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Luisa Frizziero, Raffaele Parrozzani, Davide Londei, Silvia Bini, Elisabetta Pilotto, Edoardo Midena; Peripapillary vascular and neural remodelling secondary to diabetic retinopathy: an OCT angiography study.. Invest. Ophthalmol. Vis. Sci. 2019;60(9):3027.
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© ARVO (1962-2015); The Authors (2016-present)
To investigate both vascular and neuronal changes in the peripapillary area due to diabetes, using optical coherence tomography angiography (OCT-A).
51 eyes of 51 patients affected by non-proliferative diabetic retinopathy (NPDR), and 19 age-matched healthy control eyes were enrolled. NPDR was graded as mild, moderate or severe, according to the International Diabetic Retinopathy and Macular Edema Severity Scale. Each patient underwent full ophthalmologic examination, including best-corrected visual acuity (BCVA), anterior segment biomicroscopy, air puff tonometry, fundus examination, Spectral Domain-OCT with retinal nerve fiber layer (RNFL) thickness analysis and OCT-A. Radial peripapillary capillary plexus (RPCP) was studied using OCT-A. In any OCT-A image larger vessels and optic nerve head were excluded from the vascular analysis and a ring-shaped region of interest (ROI) centered onto the optic nerve head was selected. Vascular Area Density (VAD), Vascular Length Fraction (VLF) and Vascular Diameter Index (VDI) were calculated in the ROI of each OCT-A image, and in any sector of the ROI (superior, nasal, inferior, temporal).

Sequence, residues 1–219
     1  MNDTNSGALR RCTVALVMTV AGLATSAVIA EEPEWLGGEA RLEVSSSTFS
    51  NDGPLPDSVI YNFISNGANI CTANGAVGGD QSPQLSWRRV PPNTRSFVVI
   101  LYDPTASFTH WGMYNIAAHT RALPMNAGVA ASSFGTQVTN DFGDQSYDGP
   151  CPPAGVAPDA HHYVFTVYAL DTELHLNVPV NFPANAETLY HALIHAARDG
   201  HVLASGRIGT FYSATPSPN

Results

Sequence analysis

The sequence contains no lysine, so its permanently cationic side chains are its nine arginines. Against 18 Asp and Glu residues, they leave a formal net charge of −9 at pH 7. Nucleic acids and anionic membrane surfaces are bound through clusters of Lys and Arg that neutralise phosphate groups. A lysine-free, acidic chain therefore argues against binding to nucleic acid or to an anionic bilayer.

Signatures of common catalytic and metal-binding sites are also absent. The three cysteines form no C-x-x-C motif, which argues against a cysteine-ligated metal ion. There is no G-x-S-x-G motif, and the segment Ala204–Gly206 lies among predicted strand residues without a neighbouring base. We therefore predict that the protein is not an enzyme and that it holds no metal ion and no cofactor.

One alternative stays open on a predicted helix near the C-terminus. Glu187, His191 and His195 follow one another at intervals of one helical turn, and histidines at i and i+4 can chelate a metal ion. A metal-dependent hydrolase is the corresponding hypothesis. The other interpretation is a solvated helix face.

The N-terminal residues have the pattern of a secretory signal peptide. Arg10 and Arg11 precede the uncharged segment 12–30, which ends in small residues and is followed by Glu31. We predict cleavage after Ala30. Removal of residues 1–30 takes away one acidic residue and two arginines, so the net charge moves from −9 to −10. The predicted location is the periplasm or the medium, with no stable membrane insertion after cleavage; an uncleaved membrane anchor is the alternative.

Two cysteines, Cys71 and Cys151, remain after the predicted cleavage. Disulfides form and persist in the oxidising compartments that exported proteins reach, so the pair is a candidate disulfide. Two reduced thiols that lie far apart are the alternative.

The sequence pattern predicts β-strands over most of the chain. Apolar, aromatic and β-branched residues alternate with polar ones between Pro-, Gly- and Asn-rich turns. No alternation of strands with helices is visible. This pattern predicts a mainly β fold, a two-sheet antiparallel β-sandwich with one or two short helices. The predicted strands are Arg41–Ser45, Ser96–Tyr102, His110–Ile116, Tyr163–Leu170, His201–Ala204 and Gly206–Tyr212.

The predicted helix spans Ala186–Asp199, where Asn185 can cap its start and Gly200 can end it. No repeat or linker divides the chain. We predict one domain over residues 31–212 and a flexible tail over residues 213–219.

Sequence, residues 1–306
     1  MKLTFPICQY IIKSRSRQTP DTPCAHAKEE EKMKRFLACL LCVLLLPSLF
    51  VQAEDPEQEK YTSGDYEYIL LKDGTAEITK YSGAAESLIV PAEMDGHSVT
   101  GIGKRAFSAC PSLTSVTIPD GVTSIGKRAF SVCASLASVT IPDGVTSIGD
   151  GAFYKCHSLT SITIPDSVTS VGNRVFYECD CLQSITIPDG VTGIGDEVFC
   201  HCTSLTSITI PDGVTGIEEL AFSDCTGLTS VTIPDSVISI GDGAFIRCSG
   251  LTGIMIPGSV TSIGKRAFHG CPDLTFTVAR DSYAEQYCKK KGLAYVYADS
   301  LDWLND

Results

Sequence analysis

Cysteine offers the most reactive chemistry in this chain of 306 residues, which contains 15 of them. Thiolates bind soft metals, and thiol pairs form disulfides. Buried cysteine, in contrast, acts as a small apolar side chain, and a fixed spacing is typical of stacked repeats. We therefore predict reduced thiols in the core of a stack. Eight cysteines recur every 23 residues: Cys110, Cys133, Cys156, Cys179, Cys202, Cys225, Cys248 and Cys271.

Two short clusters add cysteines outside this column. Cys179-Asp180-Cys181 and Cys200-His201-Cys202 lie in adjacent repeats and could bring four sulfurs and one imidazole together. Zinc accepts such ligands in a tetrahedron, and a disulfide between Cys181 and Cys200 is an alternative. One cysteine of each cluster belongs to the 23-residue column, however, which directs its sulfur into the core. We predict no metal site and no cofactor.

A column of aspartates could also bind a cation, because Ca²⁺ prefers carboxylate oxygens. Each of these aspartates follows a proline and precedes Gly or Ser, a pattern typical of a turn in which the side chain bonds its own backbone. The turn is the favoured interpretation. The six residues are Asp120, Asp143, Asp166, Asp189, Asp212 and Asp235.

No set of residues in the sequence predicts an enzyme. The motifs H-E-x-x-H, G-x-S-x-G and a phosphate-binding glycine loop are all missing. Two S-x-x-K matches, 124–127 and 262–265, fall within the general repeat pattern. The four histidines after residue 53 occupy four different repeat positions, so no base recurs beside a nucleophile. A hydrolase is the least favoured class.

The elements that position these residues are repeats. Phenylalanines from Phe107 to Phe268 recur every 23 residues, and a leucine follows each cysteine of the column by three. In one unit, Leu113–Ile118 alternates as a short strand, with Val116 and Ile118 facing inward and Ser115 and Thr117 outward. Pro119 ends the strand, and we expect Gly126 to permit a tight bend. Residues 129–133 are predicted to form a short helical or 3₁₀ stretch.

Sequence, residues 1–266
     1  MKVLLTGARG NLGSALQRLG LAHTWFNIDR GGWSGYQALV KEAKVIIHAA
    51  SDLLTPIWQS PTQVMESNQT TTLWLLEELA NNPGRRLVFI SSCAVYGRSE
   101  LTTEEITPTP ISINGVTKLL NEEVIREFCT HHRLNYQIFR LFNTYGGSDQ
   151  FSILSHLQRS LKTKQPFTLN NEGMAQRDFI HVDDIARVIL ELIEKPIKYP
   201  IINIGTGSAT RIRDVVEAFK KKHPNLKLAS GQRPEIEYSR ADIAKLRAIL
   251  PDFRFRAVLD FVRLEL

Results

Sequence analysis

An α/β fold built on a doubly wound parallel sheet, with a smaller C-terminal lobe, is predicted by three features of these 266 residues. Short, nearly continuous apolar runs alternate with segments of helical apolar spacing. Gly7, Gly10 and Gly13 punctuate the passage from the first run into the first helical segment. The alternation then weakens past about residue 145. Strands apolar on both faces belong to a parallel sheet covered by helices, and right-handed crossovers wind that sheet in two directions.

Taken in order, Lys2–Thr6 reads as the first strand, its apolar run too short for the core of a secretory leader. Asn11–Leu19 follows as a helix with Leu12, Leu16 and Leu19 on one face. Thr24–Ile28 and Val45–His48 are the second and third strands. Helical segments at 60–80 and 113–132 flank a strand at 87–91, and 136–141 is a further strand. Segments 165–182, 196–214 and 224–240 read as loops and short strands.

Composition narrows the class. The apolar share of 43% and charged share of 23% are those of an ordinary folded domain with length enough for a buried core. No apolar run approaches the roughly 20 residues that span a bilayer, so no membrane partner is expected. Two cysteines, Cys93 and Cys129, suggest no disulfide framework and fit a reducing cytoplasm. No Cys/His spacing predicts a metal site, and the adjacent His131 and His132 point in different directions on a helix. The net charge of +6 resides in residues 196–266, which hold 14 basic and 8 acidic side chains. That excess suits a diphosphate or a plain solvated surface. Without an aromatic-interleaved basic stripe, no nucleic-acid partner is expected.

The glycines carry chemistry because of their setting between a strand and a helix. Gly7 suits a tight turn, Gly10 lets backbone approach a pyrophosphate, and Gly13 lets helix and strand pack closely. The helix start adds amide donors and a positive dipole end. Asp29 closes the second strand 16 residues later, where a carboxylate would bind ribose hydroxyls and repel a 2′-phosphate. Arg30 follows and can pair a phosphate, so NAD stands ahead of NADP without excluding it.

VAD and VLF were significantly reduced in diabetic patients, compared to control group (p<0.0001 and p=0.0078, respectively), particularly in severe NPDR eyes. This reduction was confirmed analyzing each peripapillary sector (p < 0.05) and was more significant in the inferior sector. VDI was significantly reduced in the NPDR eyes compared to control group (p=0.0018), especially in mild (p=0.0093) and moderate (p=0.0190) NPDR. RNFL thickness decreased in NPDR eyes, without reaching statistical significance (p=0.0766).
Retinal vascular remodeling due to diabetic retinopathy involves the peripapillary vascularization too, as confirmed by OCT-A quantitative parameters. The different behavior of reduction in perfusion and loss of retinal nerve fibers in the same peripapillary areas suggests that neuronal damage cannot be simply considered secondary to microvascular damage.
This abstract was presented at the 2019 ARVO Annual Meeting, held in Vancouver, Canada, April 28 - May 2, 2019.
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